Tuesday: Ed Belfour. (Time Machine included) "You gotta put your behind in the past." -Pumbaa
Wednesday: Cory Schneider. "You've got Taylor Hall now. Don't be greedy."
Thursday: Carey Price. "Why pretend the Canadiens wouldn't totally do this, given the most menial of reasons?"
Friday: Ed Belfour, again. "I haven't watched much hockey lately, but howzabout that Eagle guy? We need him and Hatcher back to clear the crease! Boom!"
Saturday: Three-team trades. "We just need Boston to trade for Bishop, then flip him to us for [miscellaneous spare parts]! Boston will totally trade with us now!"
Sunday: Andrew Hammond. "Okay, I'm really just hoping for a free burger." "Great, now I'm thinking about food, too. Thanks a lot." "No problem." "Also, he's not really all that great, I don't think." "Yeah, probably not." "Okay." "Okay." "Craig Anderson isn't that old...right?" "Dude." "Well, I'm just saying." "Dude." "Whatever. I'm getting a burger."
2. Remember all those things that frustrated you during the season that you've since forgotten
There are probably a dozen discrete things that really drove you up the wall last season. Thankfully, our brains have a way of not (usually) holding onto those grating moments, and so we are able to let them recede into the past as we move on with our lives. Well, this summer, let's backtrace all those moments and dredge up all of that rage that is starting to seem antiquated. Remember that one guy next to you at a game last November who didn't like the funny Jumbotron bits all that much? Man, what a nerd. What a nerd. Phew, feels good to be all irked about that again, right? That's the spirit!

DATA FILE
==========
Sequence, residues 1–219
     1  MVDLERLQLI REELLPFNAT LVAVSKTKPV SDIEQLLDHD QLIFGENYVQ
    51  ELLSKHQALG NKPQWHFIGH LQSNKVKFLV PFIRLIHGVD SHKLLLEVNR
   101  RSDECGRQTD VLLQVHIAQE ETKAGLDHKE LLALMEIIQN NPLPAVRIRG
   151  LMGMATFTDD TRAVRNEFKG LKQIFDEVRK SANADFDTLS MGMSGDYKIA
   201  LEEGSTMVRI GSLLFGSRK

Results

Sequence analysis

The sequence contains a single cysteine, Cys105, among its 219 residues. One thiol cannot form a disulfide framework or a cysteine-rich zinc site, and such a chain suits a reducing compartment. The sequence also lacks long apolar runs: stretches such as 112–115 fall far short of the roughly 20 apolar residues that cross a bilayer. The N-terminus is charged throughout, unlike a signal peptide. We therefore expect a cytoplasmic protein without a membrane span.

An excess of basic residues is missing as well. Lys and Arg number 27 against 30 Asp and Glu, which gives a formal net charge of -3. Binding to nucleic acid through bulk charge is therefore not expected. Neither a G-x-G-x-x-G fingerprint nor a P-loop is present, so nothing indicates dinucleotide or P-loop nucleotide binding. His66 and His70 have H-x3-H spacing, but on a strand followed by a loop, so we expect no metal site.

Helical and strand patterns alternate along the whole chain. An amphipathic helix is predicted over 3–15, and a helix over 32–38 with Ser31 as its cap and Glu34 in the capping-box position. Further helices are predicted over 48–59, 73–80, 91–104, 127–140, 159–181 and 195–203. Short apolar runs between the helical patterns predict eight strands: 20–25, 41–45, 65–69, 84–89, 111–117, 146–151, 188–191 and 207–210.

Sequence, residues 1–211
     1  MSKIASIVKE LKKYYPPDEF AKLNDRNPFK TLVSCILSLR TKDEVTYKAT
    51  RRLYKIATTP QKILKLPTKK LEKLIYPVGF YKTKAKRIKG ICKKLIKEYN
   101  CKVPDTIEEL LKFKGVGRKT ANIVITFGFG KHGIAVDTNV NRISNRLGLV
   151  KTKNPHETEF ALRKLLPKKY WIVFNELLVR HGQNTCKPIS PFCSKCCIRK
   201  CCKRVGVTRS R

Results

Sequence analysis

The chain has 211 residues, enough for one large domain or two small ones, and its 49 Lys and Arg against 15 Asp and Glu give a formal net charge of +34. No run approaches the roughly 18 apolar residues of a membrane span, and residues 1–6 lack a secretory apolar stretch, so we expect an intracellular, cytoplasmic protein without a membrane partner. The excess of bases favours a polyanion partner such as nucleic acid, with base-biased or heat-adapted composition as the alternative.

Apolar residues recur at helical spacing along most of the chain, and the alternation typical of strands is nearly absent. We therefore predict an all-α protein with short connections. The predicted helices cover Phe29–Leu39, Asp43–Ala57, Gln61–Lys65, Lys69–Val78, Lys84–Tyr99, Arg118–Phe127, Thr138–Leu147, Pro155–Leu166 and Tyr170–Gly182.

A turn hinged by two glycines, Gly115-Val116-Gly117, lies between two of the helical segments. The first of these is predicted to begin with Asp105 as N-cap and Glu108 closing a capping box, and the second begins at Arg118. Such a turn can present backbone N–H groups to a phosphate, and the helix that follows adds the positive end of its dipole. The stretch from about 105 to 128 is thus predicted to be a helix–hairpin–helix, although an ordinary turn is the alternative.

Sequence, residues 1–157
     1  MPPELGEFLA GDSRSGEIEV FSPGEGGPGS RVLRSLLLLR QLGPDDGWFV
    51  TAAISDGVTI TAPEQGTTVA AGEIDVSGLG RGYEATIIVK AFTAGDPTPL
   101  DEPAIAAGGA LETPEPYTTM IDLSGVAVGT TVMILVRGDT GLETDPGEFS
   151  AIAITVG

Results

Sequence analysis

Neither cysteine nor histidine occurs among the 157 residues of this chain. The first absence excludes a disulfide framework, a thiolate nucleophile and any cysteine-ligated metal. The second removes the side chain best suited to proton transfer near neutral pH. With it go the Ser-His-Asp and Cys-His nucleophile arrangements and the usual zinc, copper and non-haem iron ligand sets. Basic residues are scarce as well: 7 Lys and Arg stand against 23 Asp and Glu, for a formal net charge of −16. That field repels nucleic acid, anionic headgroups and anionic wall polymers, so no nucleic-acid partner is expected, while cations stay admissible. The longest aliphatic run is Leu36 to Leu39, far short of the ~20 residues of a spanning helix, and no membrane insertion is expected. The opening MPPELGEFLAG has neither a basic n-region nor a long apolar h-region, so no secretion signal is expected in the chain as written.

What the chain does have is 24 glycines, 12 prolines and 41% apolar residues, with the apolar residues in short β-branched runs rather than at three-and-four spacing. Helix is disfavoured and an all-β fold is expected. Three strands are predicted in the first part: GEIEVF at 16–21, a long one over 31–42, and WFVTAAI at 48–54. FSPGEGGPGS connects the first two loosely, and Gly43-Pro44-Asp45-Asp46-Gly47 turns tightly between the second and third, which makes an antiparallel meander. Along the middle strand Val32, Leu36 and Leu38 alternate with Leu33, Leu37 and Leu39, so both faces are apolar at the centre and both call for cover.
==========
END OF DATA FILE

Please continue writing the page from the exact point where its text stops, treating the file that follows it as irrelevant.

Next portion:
This is kind of a catch-all category for your Wooo, your WHO CARES?, or your irrational cable provider that stuck the game on a different channel without telling your DVR about it beforehand. You aren't going through these things at the moment, so let's get back in there and re-live the anguish and petulant rage that has just started to fade. Do not let it fade. Always be annoyed, and always be upset. Peace is for nerds.
(Seriously though, the Wooos are stupid. See, it even works for me while I'm writing this!)
3. Make outlandish bets on what will happen next season
A little-known part of gambling on sports events (which you should never do) is that you are only allowed to place your bets before the sports events begin. And, guess what: the summer is (technically) before the season, making it the perfect time for those bets! So grab your billfold, head down to your local chancery, and lay down a Ulysses on Patrick Eaves, Norris Trophy Winner. Do you know the sort of payout that would give you? Neither do I, but it's gotta be enough for at least a free round o' cold ones at your local public house.